Focused on minimalist aesthetics, Japanese and Scandinavian share many common design principles, including warm natural materials, subdued colour scheme and seemingly basic and uncomplicated structure. All this has given birth to the new “Japandi” design trend that combines Japanese simplicity with Scandinavian functionality.
Aiming to introduce a sense of the natural world into interior spaces through form and symbolism, Melbourne-based design company Sabu Studio founded by designer-maker Samuel Burns has created Outside In as a multifunctional, shapeshifting table that incorporates hand-carved grooves into its timber frame to resemble the raked ruts of Japanese Zen gardens.
The grooves on the tabletop also double as rails for hand-carved granite and marble elements to slide between and provide functional flat surfaces. These consist of two halves that can separate to create two small flat surfaces or come together to form a larger rectangle, which makes the bespoke piece a fully functional table.
According to the designer, the design investigates materials dialogues and the notion of synergy, each object can shift and slide across the surface in a circular motion.
Cloth is a coffee table from Portugal-based designer Joao Teixeira that merges Scandinavian functionality with Japanese simplicity for a dynamic, yet balanced look. Inspired by organic shapes, the design intends to create a balance between boldness and elegance depending on the angle.
The overall design language suggests an interesting contrast between colors, materials and shapes, but also allows enhancing stability while keeping slim profiles.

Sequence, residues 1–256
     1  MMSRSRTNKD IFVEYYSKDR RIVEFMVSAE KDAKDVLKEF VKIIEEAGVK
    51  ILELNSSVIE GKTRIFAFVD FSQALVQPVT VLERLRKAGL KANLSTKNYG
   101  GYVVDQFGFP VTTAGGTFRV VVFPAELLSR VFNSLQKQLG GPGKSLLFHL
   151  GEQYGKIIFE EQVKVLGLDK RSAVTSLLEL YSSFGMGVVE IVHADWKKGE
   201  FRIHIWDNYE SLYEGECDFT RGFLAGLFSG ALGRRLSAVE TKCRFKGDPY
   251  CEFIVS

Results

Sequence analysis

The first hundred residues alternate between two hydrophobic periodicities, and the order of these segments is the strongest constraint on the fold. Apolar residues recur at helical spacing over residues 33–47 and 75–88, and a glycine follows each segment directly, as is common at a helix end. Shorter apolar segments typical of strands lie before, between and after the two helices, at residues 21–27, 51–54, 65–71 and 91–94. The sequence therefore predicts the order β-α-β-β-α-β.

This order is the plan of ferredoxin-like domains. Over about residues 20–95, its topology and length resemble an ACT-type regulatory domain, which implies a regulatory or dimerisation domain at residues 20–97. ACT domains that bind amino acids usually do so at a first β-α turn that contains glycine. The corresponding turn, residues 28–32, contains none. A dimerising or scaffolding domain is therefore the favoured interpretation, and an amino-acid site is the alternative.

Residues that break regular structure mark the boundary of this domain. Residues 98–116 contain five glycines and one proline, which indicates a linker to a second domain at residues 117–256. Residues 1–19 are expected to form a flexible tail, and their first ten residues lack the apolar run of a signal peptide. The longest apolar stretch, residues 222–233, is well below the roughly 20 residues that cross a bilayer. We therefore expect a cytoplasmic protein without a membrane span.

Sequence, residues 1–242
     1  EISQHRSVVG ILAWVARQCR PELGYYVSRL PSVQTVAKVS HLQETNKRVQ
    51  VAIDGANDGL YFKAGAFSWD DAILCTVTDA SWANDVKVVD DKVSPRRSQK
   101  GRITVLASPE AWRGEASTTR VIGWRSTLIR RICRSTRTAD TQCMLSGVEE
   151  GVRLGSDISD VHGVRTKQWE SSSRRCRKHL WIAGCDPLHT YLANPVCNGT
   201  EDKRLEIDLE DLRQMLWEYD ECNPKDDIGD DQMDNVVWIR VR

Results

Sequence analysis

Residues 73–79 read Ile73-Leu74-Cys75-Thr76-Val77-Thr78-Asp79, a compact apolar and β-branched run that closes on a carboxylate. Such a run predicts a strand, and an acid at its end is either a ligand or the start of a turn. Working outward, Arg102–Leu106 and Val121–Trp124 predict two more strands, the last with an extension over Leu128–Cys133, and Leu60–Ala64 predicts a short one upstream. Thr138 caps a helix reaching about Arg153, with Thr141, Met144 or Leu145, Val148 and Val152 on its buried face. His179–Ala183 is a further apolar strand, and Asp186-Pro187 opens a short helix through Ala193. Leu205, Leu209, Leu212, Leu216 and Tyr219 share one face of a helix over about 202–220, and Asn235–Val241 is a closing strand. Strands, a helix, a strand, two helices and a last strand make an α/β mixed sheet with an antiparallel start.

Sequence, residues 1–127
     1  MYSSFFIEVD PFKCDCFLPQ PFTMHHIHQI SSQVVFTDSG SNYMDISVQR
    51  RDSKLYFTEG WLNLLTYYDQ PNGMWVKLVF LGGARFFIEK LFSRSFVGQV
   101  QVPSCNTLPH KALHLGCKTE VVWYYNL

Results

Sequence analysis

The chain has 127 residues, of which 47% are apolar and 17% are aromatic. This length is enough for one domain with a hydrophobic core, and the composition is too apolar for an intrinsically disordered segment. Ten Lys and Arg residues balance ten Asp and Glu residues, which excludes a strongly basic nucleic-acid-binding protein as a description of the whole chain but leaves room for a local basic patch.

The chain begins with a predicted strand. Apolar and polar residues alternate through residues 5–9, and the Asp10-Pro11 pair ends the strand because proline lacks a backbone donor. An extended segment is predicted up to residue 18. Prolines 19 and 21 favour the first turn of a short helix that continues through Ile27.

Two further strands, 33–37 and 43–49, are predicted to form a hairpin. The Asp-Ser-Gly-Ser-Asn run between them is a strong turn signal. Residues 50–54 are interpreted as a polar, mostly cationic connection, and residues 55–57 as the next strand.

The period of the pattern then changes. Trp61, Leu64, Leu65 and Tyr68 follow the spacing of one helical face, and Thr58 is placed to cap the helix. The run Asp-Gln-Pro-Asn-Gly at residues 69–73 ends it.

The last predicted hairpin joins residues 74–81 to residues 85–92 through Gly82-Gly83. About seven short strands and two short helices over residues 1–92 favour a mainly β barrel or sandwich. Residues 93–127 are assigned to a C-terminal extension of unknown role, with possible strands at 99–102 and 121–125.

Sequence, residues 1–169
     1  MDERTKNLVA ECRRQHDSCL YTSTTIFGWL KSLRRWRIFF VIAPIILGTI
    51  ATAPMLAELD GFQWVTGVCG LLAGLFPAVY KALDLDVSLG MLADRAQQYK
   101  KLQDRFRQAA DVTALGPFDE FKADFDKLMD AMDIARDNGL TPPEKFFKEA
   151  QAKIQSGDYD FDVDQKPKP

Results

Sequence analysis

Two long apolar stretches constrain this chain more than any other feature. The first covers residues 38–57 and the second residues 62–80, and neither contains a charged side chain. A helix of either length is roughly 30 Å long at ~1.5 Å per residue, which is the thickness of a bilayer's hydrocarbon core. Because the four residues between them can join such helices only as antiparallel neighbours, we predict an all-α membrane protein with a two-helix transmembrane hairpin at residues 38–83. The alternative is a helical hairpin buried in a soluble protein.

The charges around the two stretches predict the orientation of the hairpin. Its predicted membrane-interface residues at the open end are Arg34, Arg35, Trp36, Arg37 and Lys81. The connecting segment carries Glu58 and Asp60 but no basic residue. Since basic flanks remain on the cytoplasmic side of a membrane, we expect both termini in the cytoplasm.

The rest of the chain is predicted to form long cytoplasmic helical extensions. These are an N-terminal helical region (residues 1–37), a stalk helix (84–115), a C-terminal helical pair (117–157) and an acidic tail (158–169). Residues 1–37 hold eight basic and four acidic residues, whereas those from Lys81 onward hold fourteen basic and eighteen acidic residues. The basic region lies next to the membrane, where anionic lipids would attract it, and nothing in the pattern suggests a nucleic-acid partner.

The table’s unique feature is the metal bookstand that works as a centerpiece of the table. Its curved bottom establishes an aesthetical relation with the wavy undulating table edge. Most of the components are created using processes like press bending plywood sheets or CNC milled tops, while all hardware is designed to be hidden, which helps keep the minimal aesthetics of the design. All this integrates a sense of durability into the simple build of the coffee table.
Another Japandi project by Texeira comprises a sophisticated coat rack made out of basic and simple components. Named Acrobat, the stylish, dynamic and sleek hanger adopts a tripod solution. The bended metal tube forming the rack is welded only on one side, allowing for this gap to be used as a spot to hang scarfs or other items. The metal tube tops can also be used to hang clothes or hats without the need for a hanger.
Designed through the principles of minimalism, the exquisite piece combines the hanging function of a coatrack with the safekeeping components of an entryway table. The central cavity that runs through the wooden hull that interlinks the beams offers a space for daily accessories such as wallets, glasses or keys.
The mix between wood and metal allows for interesting texture and color contrasts for the basic and uncomplicated structure of the bespoke multifunctional piece.